My experience means I really understand the issues. It means I can talk the same language and suggest appropriate solutions. I have an idea of cost, complexity and timescale on a broad range of areas because I have experience of being involved either directly or peripherally in the sort of projects I am talking about. I don’t know if it is essential but having a technical background certainly works well for me.
Why do you think so many professionals struggle with business development and getting out into the market?
I think many people embark on their professional career because it is an area they are interested in and they want technical mastery of it. The professional world is measured by qualifications and professional development. Few people appreciate that personal skills are as important, if not more so. It is a cliché but IQ and EQ are not the same thing and professionals often have an overload of the former and lack the latter. I think emotional intelligence is difficult to teach if it doesn’t exist.
I also think business development is seen fundamentally as selling (I see it as identifying and meeting a need by demonstrating how you can help) and therefore it is both outside the scope of the job and uncomfortable. It is much cosier to stay at your desk, deliver the report and raise the bill. Meeting new people and being genuinely interested in them isn’t for everyone.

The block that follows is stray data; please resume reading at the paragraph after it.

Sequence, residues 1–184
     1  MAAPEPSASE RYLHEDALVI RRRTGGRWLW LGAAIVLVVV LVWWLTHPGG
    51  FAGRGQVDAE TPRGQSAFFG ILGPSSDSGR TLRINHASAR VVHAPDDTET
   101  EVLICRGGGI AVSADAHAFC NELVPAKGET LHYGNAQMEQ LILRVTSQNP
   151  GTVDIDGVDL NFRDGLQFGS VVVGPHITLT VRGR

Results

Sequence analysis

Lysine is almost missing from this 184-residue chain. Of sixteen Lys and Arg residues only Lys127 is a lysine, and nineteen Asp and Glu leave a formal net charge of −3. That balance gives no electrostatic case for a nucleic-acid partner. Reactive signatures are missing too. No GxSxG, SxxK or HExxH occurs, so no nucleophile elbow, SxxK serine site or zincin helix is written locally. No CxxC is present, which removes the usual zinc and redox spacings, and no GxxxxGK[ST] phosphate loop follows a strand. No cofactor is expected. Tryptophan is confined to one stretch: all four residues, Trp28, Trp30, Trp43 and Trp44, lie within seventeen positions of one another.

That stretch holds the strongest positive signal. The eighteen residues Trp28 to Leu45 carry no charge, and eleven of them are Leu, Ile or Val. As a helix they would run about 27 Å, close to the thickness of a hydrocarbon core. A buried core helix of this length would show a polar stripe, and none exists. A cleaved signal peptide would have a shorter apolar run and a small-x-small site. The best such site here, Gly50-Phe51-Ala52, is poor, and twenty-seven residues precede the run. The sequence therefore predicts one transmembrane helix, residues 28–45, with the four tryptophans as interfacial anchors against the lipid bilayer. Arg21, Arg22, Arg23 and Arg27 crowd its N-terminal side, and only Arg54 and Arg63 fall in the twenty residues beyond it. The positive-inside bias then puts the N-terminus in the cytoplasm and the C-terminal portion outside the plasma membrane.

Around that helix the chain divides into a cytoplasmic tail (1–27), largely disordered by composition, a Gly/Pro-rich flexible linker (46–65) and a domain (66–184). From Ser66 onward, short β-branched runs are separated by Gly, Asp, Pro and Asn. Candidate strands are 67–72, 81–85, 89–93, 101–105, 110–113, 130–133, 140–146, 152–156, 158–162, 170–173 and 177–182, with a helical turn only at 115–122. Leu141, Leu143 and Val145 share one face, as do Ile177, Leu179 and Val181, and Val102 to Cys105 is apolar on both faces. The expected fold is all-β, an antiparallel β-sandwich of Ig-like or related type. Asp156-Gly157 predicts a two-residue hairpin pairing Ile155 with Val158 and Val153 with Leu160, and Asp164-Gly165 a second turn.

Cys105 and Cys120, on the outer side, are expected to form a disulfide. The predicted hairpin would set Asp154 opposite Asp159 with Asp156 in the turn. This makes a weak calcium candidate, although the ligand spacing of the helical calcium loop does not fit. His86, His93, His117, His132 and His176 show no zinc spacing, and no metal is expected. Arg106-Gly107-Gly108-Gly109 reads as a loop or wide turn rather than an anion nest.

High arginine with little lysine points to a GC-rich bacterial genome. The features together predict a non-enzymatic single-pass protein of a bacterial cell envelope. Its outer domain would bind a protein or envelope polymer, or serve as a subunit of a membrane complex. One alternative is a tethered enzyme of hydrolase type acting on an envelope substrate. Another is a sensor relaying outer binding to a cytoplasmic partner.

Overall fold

You have recently moved from a well-known brand to a smaller mid-tier firm. Has it been harder trying to win new business as a result, or do the same principles apply?
The same principles apply in terms of approach, and the clients and prospective clients I am working with are almost identical. I fully understand the power of brand and having a vast resource at your fingertips. But I also know that in the entrepreneurial market, what people are really looking for is a great partnership with their advisers. Brand will rarely be a deal breaker if you get on the pitch in the first place. In fact there are times where some consider that a well-known brand has an in-built premium on fees, so that can be a negative.
I know it’s a dreadful cliché but people do business with people; more specifically with people they enjoy spending time with. Delivery of the work to a competent standard is a given. The experience the client receives when interacting with the team is the key so it comes down to the quality of your people and the culture of your organisation. Understand your market, know your value proposition and present a great team.
What do you see as the biggest challenges for professional services firms in the years ahead?
Keeping pace with client needs and retaining great people. The finger needs to be on the pulse to understand what clients actually need and deliver it in a way that recognises that most are very time poor. We all know that compliance is being commoditised and advising on areas that ‘make the boat go faster’ is what adds value. But equally the sector needs to recognise that the employment market is buoyant and retaining and developing great people needs to receive equal attention.
What is the single most important piece of advice you would give to aspiring business developers?
Be sincere and tenacious. If you approach business development primarily as a numbers game with the aim to sell to meet the goal, you may have short-term success. The numbers should be measured but behaviour is what drives true long-term success. Be sincere in your interactions and keep the contact going in the long game of winning new business.